Gods and supernatural beings

By Stephen Pollington

Stephen Pollington is a freelance researcher, tutor, presenter and author specialising in the Old English language and the history of Anglo-Saxon England.

From the earliest Germanic presence in Britain of which we have any evidence – inscriptions from the area of Hadrian’s Wall from the late 1st c. AD – to the completion of the conversion of the Anglo-Saxon kings in the later 600s, Britain had a heathen Germanic culture in some areas for around six centuries. Add in the new wave of heathen impetus from the later Scandinavian invasions (8th-11th centuries), and the span approaches a thousand years. During this time, beliefs and ideas about the supernatural and the gods were constantly evolving along with the societies that worshipped them.

The evidence for the ancient gods is not as sparse as some modern writers maintain, but it is difficult to evaluate. Some pre-Christian tradition comes down through Old English literature – which is transmitted through Christian literacy – or otherwise through archaeological finds which don’t have any labels to assist with identification.

As a starting point, we could do worse than take the days of the week, the names of which go back to pre-Christian times. Sunday and Monday (the days of sun and moon) are the obvious starting points for heavenly bodies but these were probably not regarded as supernatural beings in the period.

Tuesday is the day named for the god Tiw. Almost nothing is recorded about him in Old English outside a few place-names, but Scandinavian tradition knows him as Tyr – one of the major gods who is associated with justice and honest relations among men. He must once have been the foremost of the gods (his name is cognate with Greek Zeus and Roman Jove or Ju(piter)) but he had faded into the background by the time the Anglo-Saxon came to Britain. The Norse god is involved in a story of the binding of the cosmic wolf Fenrir, and it may be that some representations of a man between wolves show the same tale – such images appear in the purse-lid from Sutton Hoo Mound 1. In this story, Tyr lost one of his hands.

Wednesday is named for Woden, the foremost of the gods and the one about whom we know most because a handful of narrative sources survive. He is associated with kings and wisdom, with writing, medicine and commerce, with warfare and with the soul’s passage to the afterlife. His name is found at the head of many lists of kings – East Anglia, Wessex, Mercia and Northumbria all believed that their royal line(s) started with the god. Occasional references to him in the poetry and the medical literature indicate that he was considered wise, courageous, cunning, powerful, tricky and determined – all qualities associated with Anglo-Saxon kings. His weapon was the spear – the badge of a freeman and a lord alike. The Norse tales have Odin (Woden) trading one of his eyes for a drink of mead which conferred wisdom; while this story is not written down in England, there are many echoes of the story’s details in the royal regalia of the East Anglian kings.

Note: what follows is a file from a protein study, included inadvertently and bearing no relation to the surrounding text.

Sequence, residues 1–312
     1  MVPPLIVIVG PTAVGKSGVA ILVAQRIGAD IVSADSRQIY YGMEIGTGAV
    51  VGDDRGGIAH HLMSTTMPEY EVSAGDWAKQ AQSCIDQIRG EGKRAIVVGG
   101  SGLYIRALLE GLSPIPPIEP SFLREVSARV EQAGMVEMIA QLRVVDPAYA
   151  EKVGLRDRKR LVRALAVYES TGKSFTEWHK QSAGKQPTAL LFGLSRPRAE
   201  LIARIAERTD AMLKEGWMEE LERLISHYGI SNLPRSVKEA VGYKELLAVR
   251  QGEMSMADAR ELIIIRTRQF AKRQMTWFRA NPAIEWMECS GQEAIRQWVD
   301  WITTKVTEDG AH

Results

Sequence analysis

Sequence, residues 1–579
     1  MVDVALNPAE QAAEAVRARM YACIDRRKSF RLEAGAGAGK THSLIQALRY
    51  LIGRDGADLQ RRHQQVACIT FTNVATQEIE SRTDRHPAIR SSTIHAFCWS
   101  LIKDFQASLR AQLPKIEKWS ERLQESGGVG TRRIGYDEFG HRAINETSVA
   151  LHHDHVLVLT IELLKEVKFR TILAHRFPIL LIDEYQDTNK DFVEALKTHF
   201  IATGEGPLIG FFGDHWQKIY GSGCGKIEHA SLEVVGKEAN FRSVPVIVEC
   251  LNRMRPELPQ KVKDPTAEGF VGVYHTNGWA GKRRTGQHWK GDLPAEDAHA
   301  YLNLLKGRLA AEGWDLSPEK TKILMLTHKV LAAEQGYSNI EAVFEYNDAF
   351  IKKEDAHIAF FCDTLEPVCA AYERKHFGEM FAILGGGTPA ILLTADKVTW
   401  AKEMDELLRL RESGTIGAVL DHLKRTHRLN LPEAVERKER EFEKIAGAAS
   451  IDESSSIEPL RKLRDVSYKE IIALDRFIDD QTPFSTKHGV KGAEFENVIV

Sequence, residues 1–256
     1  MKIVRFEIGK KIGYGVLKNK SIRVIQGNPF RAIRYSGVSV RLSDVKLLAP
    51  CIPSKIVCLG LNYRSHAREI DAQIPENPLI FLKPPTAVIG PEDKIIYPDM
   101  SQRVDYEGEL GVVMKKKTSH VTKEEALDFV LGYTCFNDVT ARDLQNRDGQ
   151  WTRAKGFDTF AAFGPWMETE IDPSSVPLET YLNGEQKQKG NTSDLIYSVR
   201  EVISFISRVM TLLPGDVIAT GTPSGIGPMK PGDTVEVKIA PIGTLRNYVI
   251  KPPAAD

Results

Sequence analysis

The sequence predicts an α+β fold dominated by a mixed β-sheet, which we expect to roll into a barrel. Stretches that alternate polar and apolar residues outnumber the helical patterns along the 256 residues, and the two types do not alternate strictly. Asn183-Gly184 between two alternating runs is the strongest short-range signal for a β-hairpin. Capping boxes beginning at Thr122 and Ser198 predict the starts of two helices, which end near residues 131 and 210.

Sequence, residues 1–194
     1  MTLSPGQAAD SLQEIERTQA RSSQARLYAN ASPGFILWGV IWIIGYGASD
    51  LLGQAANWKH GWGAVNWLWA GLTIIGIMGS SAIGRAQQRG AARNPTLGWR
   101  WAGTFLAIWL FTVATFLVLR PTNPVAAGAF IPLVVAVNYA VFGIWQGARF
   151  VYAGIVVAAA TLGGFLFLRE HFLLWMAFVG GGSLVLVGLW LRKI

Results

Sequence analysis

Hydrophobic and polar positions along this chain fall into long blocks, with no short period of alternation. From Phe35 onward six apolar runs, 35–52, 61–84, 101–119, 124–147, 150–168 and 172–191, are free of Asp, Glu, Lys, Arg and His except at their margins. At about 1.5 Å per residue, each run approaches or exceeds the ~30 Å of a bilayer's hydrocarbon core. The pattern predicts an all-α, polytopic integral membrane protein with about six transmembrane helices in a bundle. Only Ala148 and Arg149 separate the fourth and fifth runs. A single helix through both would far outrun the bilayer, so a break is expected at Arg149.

Thursday takes its name from Thor, or Thunor (thunder) as the Anglo-Saxon called him. His realm was the world of hard work, farming, fishing, hunting, smithing. His weapon was a hammer (the thunderbolt) which protected men’s dwellings from the hostile forces of nature. Hammer amulets were worn in Viking times, but the Anglo-Saxons were wearing them centuries before that and they are sometimes found in graves.

Frige, the ‘beloved lady’, gave her name to Friday. Again, little is written about her in English but her Scandinavian counterparts (Freyja and Frigg) are both powerful female leaders who command respect. Frigg is a matronly, regal lady of the meadhall who uses guile to dupe her husband Odin into doing her will. Freyja on the other hand is associated with sexuality, magic and violent death.

Saturday is named for the Roman god Saturn: he was never worshipped by the Anglo-Saxons but when they adopted the seven-day week from the Romans they used the equivalent names of deities (dies Iovis = Tiwesdæg) but had no corresponding god for Saturn.

There are a handful of other gods in the literary sources – Bældæg appears in a king-list and is probably equivalent to the Norse Baldur, the beautiful but tragic son of Odin. The kings of the East Saxons in Essex did not look to Woden for the ancestry, but to their own god Seaxneat (sword-companion) who was also worshipped in the Saxon lands in Germany. Bede, writing in the 8th century, says that ‘Eastermonth’ is named after an old goddess of the Angles called Eostre whom they worshipped at the coming of spring.

Just as important as the gods and goddesses were the supernatural beings that inhabited hills and meadows, trees and stones; they could be good friends if they were respected but would take vengeance if they were not. These beings include elves, shucks, hags, ents and many others.

To find out more

Stephen Pollington has written a book called The Elder Gods: The Otherworld of Early England (available from Anglo Saxon Books and other booksellers) which brings together a range of evidence for pre-Christian beliefs and attitudes to the Otherworld drawn from archaeology, linguistics, literary studies and comparative mythology.